A New Lexicon of Terror
The emphasis the Montonera Princess places on the invention of a renewed language to talk about the traumatic past suggests that equally important as discussing whether we should call the texts of the so-called second generations in Argentina “postmemories” or not is highlighting the original formal, literary and visual procedures used to represent the past. Perez’s ludic blog has, in this vein, opened the doors to other contemporary autofictional testimonies of children of disappeared parents also marked by the use of humor, parody and wordplay to reflect on the politics of memory and mourning in Argentina.
It is worth mentioning, for example, Montonerisima, a 2014 stand-up show (dating originally from 2013 when it was called Monto Stand-up), in which actress Victoria Grigera Dupuy parodies being a daughter of a disappeared father in similar fashion to Perez.28 Grigera Dupuy also participated in the film Eva & Lola (Dir. Farji 2010), a fictional re-creation of her friendship with Victoria Donda, another daughter of disappeared parents, now a well-known politician. In her youth, Grigera Dupuy formed part of the political left-wing organization Venceremos and, like Perez, she has also worked in Abuelas de Plaza de Mayo (for whom she prepared a Pakapaka version of her show).29 Her stand-up show was born in a pena (a meeting place of musicians and artists) organized by Los Tfos, a political group comprising former 1970s militants, some also survivors of the camps.
The title of Grigera Dupuy’s monologue echoes the titles of contemporary burlesque plays in Argentina (a genre known as teatro de revista) such as Brillantlsima, Bravlsima and Barbiensima (Fig. 4.3). If the Montonera Princess dreams of becoming a guest at one of the famous television lunches hosted by Argentine diva Mirtha Legrand, Grigera Dupuy wonders what would happen if she were a beautiful model married to a footballer. Transforming a series of popular 1970s political slogans into humorous remarks, she affirms that “si Evita viviera sena montonera ... siyo fuera alta, rubiay flaca, sena botinera” (“If Evita lived she would be a montonera ... if I were tall, blond and slim I would be a footballer’s wife”).30 She also confuses the V sign that in the 1970s stood for “victory” for a reference to “Versace,” declares herself “ni yanqui, ni marxista ... monotributista” (“neither yankee nor Marxist ... selfemployed”), takes pride in having the only unidad bdsica with a jacuzzi,31 and predicts that the main achievement of her political group would be “luche y vuelve Wanda Nara.”32 Moreover, proving that she is, like the Montonera Princess, a product of the digital age, Grigera Dupuy says that “my folks used weapons, I use Twitter,” and she imagines “selfies” with Argentine actress Esther Goris, who famously played the role of Evita in Juan Carlos Desanzo’s 1996 film Eva Peron.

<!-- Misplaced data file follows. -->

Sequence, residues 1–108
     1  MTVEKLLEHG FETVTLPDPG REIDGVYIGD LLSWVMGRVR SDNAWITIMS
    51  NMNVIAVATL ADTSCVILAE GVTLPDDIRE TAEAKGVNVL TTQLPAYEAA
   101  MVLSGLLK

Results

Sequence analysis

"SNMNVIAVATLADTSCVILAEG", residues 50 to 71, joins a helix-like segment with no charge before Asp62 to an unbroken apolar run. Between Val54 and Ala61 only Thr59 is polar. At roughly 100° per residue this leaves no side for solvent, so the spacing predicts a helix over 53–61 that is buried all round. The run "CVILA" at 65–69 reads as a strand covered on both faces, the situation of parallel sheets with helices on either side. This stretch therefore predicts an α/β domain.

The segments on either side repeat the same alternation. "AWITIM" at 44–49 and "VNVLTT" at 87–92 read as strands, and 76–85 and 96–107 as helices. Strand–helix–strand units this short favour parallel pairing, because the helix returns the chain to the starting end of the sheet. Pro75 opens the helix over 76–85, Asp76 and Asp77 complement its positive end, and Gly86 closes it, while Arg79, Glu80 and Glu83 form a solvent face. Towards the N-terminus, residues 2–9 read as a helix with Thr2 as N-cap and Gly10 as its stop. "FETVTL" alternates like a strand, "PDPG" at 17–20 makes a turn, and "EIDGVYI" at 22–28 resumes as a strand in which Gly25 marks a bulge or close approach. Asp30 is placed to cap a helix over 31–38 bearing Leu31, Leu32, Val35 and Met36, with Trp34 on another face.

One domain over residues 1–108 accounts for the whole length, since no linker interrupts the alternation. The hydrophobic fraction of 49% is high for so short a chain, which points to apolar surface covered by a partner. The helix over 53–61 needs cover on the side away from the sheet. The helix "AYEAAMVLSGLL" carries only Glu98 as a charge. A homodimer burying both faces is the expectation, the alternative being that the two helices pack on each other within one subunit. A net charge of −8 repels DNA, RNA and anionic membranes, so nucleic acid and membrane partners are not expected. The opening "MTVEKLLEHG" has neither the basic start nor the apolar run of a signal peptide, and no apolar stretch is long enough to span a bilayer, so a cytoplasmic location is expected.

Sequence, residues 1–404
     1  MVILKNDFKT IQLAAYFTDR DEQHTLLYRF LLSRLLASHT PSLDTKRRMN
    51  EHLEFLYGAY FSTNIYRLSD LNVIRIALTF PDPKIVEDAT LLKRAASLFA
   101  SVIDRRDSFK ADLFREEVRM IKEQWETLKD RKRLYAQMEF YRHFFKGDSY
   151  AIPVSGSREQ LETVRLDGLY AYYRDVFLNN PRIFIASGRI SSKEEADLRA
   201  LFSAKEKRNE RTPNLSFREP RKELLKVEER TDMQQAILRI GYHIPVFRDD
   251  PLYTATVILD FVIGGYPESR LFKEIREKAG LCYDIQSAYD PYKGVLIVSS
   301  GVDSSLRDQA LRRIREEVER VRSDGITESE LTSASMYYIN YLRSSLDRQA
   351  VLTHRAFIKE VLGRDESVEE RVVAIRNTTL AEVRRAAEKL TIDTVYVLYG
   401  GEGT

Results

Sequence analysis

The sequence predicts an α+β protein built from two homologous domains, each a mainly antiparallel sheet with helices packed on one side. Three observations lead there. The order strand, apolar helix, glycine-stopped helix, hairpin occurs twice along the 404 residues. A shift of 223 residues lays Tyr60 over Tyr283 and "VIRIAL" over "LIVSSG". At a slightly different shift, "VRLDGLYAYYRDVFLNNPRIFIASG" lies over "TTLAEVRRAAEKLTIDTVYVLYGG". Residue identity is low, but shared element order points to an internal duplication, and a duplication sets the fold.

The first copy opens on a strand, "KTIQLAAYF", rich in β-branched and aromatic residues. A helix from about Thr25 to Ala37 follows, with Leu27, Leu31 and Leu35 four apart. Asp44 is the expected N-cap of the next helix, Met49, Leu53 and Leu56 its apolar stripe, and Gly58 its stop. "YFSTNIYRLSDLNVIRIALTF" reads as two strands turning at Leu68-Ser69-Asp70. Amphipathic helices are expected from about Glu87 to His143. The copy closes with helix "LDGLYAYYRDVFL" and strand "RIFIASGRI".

This blend of the political slogans and symbols of the popular movements active before the coup, and references to the fashion world and showbiz, does not transform politics into something frivolous but rather
Fig. 4.3 Victoria Grigera Dupuy, Montonerisima, 2015 (Photo: Natalia Mayans)
demonstrates how the political language of the 1970s no longer speaks to the young, or, if it does, it provokes different emotions and reactions to those that were evoked when it first emerged. Grigera Dupuy refers to the language of militancy as the monto idioma that includes terms such as pueblo (the people) and patria (homeland), both words that have acquired new meanings in the present, particularly during kirchnerismo. Her use of parody here then shows the transformations experienced in recent decades by a whole paradigm of politics and the language that sustained it.